Celeb stints put negative spotlight on rehab

Treatment industry pros fear stars using rehab as a retreat will detract from the realities of addiction

Treatment industry pros fear stars using rehab as a retreat will detract from the realities of addiction

When Lindsay Lohan entered the Promises addiction treatment facility last week for her second attempt at rehab in less than five months, it offered the media yet another opportunity to dissect the troubled starlet's wild ways.

For celebrities attempting to cleanse themselves of compulsive behavior - and, at times, tarnished images - a quick trip to rehab seems to be the PR plan of the year. And as competitiveness within the detox center industry itself increases, a conventional wisdom would suggest that clinics could do worse than boast an A-list crowd of allegedly chemical-dependent celebrity "guests."

But communications professionals in the rehabilitation and substance abuse community feel that the rampant high-profile celebrity stints in rehab negatively affect the true goals of the industry.

"The Malibu market as a whole has suffered greatly by the absurd spectacle" of Lohan et al, says Ted Jackson, publisher and editor of the addiction industry trade Treatment Magazine.

"You're either in treatment, or you're not," he says. When celebrities treat rehab clinics like high-end spa retreats or strategic career moves, "the reputation of the entire Malibu market suffers [among] serious medical professionals."

"We cringe at use of the word rehab, especially its usage over the last several months," says Russ Patrick, PR consultant for Rancho Mirage, CA-based Betty Ford Center. "It's cheapened to a $2 word; it implies that getting your life back, embarking on a lifetime sobriety journey is something easy, something easily achievable. The truth is, it is not."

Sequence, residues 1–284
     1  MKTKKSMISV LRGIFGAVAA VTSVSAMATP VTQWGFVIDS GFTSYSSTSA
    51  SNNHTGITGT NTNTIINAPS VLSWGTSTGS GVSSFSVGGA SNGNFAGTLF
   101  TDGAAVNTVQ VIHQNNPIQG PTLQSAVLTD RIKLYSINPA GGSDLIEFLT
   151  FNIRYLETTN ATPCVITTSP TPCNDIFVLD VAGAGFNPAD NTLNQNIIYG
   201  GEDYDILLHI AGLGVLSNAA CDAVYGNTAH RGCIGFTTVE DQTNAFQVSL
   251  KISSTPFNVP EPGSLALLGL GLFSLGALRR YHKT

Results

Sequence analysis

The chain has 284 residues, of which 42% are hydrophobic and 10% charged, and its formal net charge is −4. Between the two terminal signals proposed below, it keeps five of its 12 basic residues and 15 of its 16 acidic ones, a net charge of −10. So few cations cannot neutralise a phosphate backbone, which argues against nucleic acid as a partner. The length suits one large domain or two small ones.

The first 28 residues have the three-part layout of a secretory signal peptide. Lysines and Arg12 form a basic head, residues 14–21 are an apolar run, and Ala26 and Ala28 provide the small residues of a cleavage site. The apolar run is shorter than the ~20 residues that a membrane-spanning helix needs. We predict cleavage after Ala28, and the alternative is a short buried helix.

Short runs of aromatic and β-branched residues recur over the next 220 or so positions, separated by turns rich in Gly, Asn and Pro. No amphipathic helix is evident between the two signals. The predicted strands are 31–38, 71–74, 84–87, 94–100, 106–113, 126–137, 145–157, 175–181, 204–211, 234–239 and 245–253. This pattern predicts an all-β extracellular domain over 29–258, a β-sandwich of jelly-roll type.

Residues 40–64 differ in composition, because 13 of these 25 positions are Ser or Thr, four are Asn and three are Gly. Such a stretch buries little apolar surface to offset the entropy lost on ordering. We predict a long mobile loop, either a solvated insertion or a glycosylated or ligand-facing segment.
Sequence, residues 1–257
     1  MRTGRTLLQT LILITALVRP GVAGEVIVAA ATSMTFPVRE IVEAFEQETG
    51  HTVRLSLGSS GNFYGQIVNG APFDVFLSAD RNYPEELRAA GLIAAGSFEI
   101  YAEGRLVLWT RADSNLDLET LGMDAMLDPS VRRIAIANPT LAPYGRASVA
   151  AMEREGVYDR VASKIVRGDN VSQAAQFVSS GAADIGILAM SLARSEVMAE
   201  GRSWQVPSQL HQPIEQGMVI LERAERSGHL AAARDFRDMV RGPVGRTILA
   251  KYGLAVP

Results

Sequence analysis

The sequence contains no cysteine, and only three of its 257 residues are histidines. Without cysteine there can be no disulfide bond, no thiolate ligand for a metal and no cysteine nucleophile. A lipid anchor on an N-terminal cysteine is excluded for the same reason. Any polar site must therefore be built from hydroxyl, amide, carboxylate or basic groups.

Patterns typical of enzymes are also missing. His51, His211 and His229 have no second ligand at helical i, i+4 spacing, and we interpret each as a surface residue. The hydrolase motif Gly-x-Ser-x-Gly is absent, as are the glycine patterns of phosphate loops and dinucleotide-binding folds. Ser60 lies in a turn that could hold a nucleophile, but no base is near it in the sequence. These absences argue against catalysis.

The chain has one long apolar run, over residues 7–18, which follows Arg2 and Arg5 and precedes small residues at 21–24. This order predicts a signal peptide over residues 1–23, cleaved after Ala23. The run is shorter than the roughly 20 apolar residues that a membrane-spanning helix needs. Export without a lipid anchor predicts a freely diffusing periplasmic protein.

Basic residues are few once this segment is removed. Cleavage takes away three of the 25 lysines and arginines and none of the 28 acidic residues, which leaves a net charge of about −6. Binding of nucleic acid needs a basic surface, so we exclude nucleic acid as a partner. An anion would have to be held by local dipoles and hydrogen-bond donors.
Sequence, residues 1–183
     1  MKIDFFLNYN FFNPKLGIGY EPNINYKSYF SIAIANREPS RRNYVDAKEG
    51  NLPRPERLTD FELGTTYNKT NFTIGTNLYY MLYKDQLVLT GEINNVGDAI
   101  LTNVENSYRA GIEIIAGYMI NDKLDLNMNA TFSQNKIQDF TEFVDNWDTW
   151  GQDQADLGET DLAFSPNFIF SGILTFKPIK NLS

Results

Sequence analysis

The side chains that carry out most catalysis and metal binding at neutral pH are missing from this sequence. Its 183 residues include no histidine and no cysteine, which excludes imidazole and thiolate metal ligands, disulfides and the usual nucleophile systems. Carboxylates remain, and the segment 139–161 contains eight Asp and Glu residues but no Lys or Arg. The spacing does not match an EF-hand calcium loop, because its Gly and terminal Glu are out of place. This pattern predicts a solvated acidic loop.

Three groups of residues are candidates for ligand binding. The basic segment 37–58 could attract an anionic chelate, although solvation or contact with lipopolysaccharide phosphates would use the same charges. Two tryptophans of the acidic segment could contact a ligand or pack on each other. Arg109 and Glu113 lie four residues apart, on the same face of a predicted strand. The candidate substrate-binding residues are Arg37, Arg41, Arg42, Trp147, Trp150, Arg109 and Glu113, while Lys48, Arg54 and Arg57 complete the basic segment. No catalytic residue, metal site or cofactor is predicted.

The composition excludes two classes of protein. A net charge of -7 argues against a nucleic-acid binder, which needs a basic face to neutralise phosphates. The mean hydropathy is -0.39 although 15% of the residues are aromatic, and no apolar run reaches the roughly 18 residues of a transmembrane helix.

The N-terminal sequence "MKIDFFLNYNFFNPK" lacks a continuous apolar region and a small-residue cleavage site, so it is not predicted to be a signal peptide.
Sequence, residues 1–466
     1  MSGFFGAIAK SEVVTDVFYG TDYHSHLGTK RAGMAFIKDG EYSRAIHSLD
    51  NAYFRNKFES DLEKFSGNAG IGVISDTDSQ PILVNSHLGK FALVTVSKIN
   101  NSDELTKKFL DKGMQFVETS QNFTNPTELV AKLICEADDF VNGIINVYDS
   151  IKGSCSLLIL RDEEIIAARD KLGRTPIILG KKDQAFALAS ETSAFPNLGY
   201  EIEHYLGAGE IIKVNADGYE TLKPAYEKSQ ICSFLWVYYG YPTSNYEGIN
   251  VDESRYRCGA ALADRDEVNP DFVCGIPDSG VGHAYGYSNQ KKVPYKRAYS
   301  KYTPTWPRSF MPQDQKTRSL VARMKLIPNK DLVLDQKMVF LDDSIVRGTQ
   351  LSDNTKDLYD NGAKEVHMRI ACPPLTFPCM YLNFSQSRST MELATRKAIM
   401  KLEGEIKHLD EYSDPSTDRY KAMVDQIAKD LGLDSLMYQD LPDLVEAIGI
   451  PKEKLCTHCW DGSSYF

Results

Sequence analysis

Though Betty Ford has seen its share of high-profile clientele, the facility "has always managed to maintain its serious position within the industry," Jackson says. "Somehow, the nature of the coverage seemed more dignified," which might be attributed to the fact that it is an "addiction treatment hospital," as opposed to an exclusive seaside healing facility. Easy access to cameras and cell phones is not part of the treatment process.

But not everyone thinks the exposure is bad.

"It's actually a great day to be involved in treatment because of the exposure we're getting in the media," says Jerry O'Day, marketing director at Seattle's Schick Shadel detoxification hospital.

For women in particular, the coverage seems to have made them more comfortable with considering treatment as an option. At Schick, O'Day says, "We used to have one woman for every nine patients. Now, it's half and half."

Jackson notes that celebrities have long gone to treatment centers in Malibu, which since the late '80s has been home to "a mini cottage industry [of] pioneers of very high-end addiction treatment experience."

He explains that the so-called Malibu market clinics have long "vied between each other to get celebrity clientele because that's how in the past they quietly marketed."

But now, Jackson says, in a culture in which any kind of celebrity endorsement is akin to a stamp of royal approval, those efforts are "not so quiet anymore."

"I think that's largely due to the larger shift in how the media covers not just the entertainment industry, but the world in general - on an instantaneous basis," says Eddie Michaels, president of LA-based publicity firm Insignia and former PR rep for Promises, a Malibu treatment center which serves as Lohan's occasional weekend getaway.

While high-profile addicts were once able to enter treatment without the glare of the spotlight, heightened media interest now makes every move open to public scrutiny, Michaels says. "That pressure is put on people seeking treatment only adds to the complexity of finding their way to being healthy," he says. "That's unfortunate."

But what is potentially damaging to a clinic's reputation, Jackson says, is media coverage of former patients' relapses.

"Most people don't understand that relapse is standard no matter where you're coming from," he says.

"Coming out and being helped: That's the number one reason to go," Michaels says. "When [an addict] is seeking true treatment for addiction, whatever gets them into treatment is a good thing."

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